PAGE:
The Nah Yeah Buoy can detect a rip and change colour, depending on the danger posed by the rip. The pair have used 3D printing and arduino technology to develop the buoy, and have beaten out over 1,000 designers from 27 countries to make it into the top 20.
All James Dyson Award entries must solve a problem. Chamonix says, “I looked into issues New Zealand faced, and discovered that people who are coming onto our island on holiday may not be aware of rips. I discovered that rips were the third highest cause of accidental death, and that 80 percent of all lifeguard rescues are related to rips.”
The designers met in a Design School class lectured by Jeongbin Ok, called Mass Production + Digital Manufacturing. Both go to Coromandel on holiday, and both have had heart-in-mouth moments watching swimmers in trouble on the beaches.
A number of the LED light-bearing buoys are placed in a grid system in the water and work by radio frequency, collecting waterflow data and relaying it back to an app used by lifeguards. The colours are inspired by traffic lights—green means go, orange means caution, red means avoid the area. Hannah says, “When you see the grid-like system and the lights, it teaches people what the water currents look like.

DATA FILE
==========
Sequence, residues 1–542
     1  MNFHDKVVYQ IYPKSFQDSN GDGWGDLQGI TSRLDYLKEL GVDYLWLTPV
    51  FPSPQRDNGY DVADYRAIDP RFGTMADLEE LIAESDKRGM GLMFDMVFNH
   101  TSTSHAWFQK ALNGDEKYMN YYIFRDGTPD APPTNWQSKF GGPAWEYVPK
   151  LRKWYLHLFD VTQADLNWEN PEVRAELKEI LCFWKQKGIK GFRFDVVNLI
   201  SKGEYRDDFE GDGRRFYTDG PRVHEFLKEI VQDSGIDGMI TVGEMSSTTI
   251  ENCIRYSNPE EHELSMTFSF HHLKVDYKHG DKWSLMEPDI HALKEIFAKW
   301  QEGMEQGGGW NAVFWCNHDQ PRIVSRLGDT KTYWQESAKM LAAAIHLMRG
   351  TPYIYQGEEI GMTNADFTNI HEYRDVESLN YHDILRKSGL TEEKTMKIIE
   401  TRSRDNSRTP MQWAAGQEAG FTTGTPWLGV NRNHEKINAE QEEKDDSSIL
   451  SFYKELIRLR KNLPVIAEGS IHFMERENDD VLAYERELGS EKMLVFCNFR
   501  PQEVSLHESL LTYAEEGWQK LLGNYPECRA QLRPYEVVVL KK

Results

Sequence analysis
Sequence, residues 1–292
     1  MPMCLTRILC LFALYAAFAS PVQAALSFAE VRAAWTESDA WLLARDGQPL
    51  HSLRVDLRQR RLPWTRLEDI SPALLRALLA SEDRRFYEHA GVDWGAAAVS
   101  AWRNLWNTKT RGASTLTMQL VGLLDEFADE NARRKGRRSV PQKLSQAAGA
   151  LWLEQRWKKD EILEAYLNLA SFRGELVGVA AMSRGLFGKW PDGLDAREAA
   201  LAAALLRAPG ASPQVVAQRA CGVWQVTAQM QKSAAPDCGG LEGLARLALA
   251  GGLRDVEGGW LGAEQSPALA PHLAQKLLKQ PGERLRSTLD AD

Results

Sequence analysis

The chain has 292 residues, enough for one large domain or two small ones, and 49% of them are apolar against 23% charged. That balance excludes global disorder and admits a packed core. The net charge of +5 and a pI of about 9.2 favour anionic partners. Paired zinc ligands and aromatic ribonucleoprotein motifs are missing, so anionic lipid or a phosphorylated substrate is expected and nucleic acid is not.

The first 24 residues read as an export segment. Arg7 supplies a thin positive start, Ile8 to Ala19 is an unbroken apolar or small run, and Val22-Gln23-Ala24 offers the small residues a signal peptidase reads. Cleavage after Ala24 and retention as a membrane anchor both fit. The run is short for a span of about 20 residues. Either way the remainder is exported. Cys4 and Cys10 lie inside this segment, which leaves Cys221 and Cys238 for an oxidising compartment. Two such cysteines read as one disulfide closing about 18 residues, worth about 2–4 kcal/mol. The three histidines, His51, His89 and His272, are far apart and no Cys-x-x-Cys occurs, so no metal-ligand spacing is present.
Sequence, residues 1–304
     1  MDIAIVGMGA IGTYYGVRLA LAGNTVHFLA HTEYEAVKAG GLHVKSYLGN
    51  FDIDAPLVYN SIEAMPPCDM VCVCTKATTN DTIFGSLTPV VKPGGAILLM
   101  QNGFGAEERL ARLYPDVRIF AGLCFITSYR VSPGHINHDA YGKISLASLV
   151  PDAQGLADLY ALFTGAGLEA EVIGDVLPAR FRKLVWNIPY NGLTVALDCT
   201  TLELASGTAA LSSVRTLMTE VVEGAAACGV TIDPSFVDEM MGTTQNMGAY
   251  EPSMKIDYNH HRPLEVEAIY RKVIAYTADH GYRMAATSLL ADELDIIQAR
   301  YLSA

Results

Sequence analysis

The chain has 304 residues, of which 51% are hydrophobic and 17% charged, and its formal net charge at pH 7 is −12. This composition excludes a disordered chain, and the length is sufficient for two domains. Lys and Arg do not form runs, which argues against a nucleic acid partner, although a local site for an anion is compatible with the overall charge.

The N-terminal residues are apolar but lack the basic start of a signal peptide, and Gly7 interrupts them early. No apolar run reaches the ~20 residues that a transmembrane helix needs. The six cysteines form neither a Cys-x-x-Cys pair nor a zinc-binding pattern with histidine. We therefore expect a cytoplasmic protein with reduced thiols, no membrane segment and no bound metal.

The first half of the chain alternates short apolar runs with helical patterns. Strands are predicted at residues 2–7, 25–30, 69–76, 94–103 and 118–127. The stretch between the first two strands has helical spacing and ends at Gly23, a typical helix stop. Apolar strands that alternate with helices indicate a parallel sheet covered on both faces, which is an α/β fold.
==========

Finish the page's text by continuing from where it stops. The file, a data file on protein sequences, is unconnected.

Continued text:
“If you are standing on the beach and thinking ‘Why is that area red, and why is that area green? What is the difference between the areas?’, with a sign explaining the system, that is combining education with prevention of drownings.”
For every problem, there are many solutions, and Chamonix came up with six concepts, before narrowing the design down to a buoy. “You see buoys all the time in the water, so they aren’t distracting people from the beauty of the beach,” Hannah says.
Once their design was final, the form of the buoy came together in two weeks, and they started 3D printing as soon as it was confirmed. They created their electronics at the same time, and then began testing. “We tested a lot of sensors to see what the right one was. We ultimately went with a water flow sensor, because neither the flex sensor nor the pressure sensor were waterproof,” Hannah says.
The Nah Yeah Buoy app allows lifeguards to change the buoys for emergencies, such as a shark sighting, to allow a quick response from beach-goers.
Hannah and Chamonix don’t yet have funding to carry on their research, though if they are judged by the James Dyson Awards to be runners-up in the worldwide competition, they will receive $9,000. If they win the entire competition, they will receive $55,000, plus $9,000 for their university.
Both students are in their final year of study, and would like to develop the buoy further, given time and resource. Hannah says, “It would be a shame for it to stop where it is because of funding. We would like to take it further.”